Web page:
Allison Marsh, University of South Carolina; Leah McClimans, University of South Carolina;
'Why do you have so many Legos?' asked the wide-eyed 2nd grader in the hall at AC Moore Elementary. 'We're working with the 4th graders on a robotics project,' I replied. 'Would you like to learn more about robots?' He nodded eagerly before wandering away.
This semester we are piloting a course that combines an undergraduate reading seminar in STS with a service-learning component that involves weekly visits to a local elementary school where the undergrads mentor teams of 10-year-olds to program Lego robots. The course is part of a key mission of the Ann Johnson Institute to engage with the local community, but specifically to work with teachers in under-resourced schools to build capacity for integrating science and social studies in education.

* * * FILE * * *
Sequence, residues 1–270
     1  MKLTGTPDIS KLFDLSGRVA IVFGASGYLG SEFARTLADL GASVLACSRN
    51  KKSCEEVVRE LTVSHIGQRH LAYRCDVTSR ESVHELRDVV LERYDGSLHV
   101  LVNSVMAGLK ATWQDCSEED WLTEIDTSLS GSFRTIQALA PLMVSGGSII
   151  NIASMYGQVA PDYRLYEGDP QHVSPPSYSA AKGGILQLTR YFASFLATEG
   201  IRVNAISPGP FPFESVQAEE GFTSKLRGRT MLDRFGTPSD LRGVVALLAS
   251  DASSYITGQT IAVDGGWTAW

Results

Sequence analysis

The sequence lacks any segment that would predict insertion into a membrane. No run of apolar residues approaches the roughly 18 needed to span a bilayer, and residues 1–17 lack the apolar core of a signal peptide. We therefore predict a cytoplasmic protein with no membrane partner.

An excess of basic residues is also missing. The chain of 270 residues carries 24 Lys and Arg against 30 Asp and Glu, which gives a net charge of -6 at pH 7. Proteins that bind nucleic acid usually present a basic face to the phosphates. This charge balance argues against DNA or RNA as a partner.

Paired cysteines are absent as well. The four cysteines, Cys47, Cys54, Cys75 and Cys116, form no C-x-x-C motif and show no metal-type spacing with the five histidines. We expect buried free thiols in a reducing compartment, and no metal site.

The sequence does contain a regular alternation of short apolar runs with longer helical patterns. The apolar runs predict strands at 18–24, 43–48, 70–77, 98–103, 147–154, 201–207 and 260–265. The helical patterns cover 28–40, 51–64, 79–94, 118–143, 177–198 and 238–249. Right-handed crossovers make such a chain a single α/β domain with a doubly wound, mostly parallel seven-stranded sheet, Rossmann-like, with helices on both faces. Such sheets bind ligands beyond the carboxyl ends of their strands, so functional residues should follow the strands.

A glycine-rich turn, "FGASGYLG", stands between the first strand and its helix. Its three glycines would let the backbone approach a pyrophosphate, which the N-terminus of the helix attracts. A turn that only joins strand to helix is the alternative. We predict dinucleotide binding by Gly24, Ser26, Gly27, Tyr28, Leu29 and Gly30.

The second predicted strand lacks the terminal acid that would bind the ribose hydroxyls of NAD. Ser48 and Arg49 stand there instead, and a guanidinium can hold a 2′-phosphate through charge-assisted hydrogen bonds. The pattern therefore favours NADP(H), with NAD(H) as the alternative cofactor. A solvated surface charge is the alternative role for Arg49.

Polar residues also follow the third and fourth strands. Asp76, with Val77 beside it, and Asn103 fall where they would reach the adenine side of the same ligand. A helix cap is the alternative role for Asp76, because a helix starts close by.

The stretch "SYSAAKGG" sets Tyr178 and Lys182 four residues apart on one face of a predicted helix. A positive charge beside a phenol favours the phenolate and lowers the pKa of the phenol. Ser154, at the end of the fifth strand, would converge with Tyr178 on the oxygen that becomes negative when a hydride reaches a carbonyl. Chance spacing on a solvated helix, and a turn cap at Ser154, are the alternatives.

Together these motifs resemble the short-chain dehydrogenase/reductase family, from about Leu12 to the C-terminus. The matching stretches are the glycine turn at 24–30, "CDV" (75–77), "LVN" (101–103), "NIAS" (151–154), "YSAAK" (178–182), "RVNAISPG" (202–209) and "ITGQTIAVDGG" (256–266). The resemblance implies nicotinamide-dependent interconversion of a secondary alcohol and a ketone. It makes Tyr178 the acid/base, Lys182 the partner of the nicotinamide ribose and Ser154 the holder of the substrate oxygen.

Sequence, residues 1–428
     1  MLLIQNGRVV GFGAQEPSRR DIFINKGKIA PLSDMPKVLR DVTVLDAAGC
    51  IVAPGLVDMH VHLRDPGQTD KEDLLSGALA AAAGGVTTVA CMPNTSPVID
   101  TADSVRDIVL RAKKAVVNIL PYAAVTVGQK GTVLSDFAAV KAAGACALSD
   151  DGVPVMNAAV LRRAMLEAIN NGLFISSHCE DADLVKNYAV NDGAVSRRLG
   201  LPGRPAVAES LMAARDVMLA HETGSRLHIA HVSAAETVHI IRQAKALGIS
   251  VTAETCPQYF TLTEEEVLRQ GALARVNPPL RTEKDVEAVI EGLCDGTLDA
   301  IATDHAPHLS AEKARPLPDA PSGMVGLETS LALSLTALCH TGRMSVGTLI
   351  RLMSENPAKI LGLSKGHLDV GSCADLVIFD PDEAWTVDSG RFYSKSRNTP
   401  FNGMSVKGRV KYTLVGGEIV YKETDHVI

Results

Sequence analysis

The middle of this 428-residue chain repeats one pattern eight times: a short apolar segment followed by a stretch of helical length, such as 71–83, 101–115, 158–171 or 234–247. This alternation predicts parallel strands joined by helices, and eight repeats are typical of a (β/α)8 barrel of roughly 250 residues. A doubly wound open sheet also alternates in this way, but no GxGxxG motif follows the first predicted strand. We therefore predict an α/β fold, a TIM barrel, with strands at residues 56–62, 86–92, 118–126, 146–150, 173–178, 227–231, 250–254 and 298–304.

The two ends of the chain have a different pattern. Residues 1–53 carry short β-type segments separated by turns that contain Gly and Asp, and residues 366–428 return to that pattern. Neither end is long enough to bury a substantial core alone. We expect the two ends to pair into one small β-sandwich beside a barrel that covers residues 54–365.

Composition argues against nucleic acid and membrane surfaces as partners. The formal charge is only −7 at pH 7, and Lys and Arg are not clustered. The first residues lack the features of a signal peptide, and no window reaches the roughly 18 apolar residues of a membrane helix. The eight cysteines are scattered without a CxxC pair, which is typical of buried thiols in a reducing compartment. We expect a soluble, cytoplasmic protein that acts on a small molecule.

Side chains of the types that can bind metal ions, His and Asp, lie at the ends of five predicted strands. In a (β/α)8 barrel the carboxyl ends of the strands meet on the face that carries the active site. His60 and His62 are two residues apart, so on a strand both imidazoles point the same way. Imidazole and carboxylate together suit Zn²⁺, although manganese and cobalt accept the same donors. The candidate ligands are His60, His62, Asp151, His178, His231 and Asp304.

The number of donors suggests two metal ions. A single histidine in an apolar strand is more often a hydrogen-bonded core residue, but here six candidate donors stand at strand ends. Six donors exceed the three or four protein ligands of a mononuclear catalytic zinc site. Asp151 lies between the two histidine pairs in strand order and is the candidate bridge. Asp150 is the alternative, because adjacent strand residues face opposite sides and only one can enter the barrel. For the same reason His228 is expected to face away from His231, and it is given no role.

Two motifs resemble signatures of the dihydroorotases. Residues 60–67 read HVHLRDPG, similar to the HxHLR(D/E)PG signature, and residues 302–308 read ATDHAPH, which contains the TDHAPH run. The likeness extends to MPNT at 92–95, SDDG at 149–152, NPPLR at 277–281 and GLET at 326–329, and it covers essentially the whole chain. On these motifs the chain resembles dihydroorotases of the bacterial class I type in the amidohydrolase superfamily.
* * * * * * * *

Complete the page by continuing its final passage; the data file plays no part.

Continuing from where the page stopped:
It's a work in progress. The course has had positive outcomes, but it has been resource intensive. The costs of materials, and the time to coordinate and administer the program, make it difficult to reach more than a dozen undergrads and 25 fourth graders at a time. In its current form, it would be difficult to scale or expand.
In this open panel call for participants, we are hoping to find others who have attempted service-learning courses. What has worked? What approaches should be avoided? How do you reach broader communities, especially rural or under-resourced schools? Is it possible to move from a bespoke experience to something replicable at scale? How do you capture a child's wonder?